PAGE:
Whether its organizing a walk, honoring a loved one's memory, or raising money for awareness, millions remembered those lost to suicide on September 10th. It's World Suicide Prevention Day, aiming to bring awareness to the 10th leading cause of death in the United States, and 15th around the world.
The American Foundation for Suicide Prevention says on average, 123 people commit suicide in the U.S. each day, accounting for 44,965 deaths each year. Men die by suicide more than three times as often as women, with the rate being highest for white, middle aged men. However, suicide occurs across every demographic in the U.S. AFSP officials say there is no single cause, and suicide most often occurs when stressors exceed the coping abilities of someone suffering from a mental health condition.
It's something the Boston Police Department says they take seriously on September 10th, and all week long. “National Suicide Prevention Week is an important opportunity to elevate the conversation about suicide prevention and mental health, and we encourage all officers to get involved,” said William G. Gross, Boston Police Commissioner.
Boston police officers will wear remembrance and awareness bands on their badges during the month of September. They'll also carry informational brochures on risk factors and warning signs for suicide, as well as where to go for help.
Suicide is the second leading cause of death for people ages 15-34 in Massachusetts, according to the AFSP. More than four times as many people die by suicide in Massachusetts annually than by homicide.
In regards to their September partnership, Maggie Morali, MPH, director of the Interactive Screening Program at AFSP said: “Police officers are accustomed to servicing others, and this is an opportunity to help spread awareness and ensure that all officers stay healthy and strong.”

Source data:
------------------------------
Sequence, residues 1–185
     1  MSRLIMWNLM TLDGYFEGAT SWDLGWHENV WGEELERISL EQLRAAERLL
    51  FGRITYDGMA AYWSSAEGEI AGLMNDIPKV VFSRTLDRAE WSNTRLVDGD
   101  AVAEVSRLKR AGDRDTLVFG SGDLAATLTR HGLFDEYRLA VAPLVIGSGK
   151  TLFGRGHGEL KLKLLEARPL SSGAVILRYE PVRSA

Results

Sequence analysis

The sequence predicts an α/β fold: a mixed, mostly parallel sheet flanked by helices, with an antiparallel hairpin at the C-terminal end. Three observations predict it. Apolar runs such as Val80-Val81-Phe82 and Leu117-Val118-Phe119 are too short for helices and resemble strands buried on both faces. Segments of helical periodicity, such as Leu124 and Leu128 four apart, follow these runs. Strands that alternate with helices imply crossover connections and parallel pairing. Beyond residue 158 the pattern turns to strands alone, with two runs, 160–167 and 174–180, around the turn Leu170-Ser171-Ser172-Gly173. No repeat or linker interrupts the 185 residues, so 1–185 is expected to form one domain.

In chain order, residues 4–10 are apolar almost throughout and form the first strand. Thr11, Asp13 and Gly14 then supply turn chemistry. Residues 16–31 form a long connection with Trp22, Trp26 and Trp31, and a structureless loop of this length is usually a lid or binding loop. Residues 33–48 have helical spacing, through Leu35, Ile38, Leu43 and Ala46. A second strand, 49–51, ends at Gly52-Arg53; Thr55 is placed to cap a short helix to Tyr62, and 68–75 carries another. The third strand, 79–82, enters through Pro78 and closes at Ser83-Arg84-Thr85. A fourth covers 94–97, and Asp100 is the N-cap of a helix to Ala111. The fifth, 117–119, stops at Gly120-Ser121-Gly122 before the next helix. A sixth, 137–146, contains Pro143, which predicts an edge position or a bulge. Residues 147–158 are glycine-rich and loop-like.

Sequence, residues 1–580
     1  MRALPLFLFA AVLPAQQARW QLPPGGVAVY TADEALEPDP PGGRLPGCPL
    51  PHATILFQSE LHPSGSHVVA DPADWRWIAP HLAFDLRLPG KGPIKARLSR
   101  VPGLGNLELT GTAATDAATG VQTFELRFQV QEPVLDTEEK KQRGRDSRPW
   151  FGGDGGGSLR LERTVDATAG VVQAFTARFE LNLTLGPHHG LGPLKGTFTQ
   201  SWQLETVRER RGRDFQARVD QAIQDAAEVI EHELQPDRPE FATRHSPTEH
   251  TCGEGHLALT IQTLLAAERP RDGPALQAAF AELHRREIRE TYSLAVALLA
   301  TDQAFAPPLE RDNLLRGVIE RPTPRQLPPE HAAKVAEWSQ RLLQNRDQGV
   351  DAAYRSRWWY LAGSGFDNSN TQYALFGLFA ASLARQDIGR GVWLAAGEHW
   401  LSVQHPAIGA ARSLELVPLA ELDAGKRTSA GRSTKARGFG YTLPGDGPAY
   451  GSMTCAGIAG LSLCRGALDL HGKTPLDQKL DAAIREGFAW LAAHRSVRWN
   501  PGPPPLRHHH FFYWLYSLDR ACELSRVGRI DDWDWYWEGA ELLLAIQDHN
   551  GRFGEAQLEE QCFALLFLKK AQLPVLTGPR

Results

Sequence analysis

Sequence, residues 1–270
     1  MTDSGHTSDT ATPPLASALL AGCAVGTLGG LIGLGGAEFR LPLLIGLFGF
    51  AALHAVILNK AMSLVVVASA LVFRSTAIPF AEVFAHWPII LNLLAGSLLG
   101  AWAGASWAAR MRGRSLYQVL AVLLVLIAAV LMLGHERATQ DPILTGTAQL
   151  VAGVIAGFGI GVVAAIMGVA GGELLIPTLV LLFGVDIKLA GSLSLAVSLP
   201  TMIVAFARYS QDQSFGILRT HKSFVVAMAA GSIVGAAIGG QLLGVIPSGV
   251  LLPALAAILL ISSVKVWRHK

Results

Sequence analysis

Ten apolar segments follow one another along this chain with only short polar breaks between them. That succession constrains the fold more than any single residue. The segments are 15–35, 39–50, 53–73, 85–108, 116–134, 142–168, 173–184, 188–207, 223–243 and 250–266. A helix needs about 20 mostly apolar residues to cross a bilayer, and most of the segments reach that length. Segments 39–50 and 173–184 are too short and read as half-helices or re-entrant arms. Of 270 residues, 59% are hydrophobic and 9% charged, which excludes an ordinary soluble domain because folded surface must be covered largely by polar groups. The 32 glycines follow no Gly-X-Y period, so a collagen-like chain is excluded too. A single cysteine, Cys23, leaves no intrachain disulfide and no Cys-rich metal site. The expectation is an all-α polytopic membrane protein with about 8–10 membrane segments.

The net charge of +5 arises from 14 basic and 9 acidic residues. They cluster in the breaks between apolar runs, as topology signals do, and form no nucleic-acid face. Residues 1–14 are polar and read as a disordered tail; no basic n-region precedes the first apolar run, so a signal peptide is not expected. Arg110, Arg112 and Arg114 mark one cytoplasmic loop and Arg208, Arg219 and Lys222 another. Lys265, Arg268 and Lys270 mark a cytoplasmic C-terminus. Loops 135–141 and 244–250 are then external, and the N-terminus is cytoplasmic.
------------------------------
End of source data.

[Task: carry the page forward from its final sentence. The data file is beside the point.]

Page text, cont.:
The International Association for Suicide Prevention says the awareness day is a good reminder to encourage everyone to take a minute to reach out. They believe one minute checking in on a family member, friend, colleague, or stranger could change that person's life. Experts say having a compassionate person to talk to can restore hope with someone who is struggling. There's a common misconception that talking about suicide may make the situation worse, but IASP officials say they've found that's not the case. Empathy, compassion, concern, knowledge of resources and a desire to help are important to preventing a tragedy.
They recommend three steps: noticing what's going on with you, your family, colleagues and friends. Then, starting a conversation if you notice something is different. And finally, finding out what help is available for both you and others.
108 million people are estimated to mourn a loved one lost to suicide each year. Prevention groups hope by raising awareness, reducing the stigma, and striking up a conversation, some day those numbers will start to go down. If you or someone you know are struggling, the National Suicide Prevention Lifeline is 1-800-273-8255.
Kim Lucey is a freelance journalist with more than a decade of experience in the field. Her career has included coverage of big breaking news events like the Sandy Hook school shooting, lockdown in Watertown, MA following the Boston marathon bombings, and Superstorm Sandy. Her in-depth reports have garnered awards, including a focus on treating mental health issues in children. Currently, she is a reporter at a television station covering the news across the Greater Boston Area with an appreciation for fact-finding and storytelling. Follow Kim on Facebook and Twitter.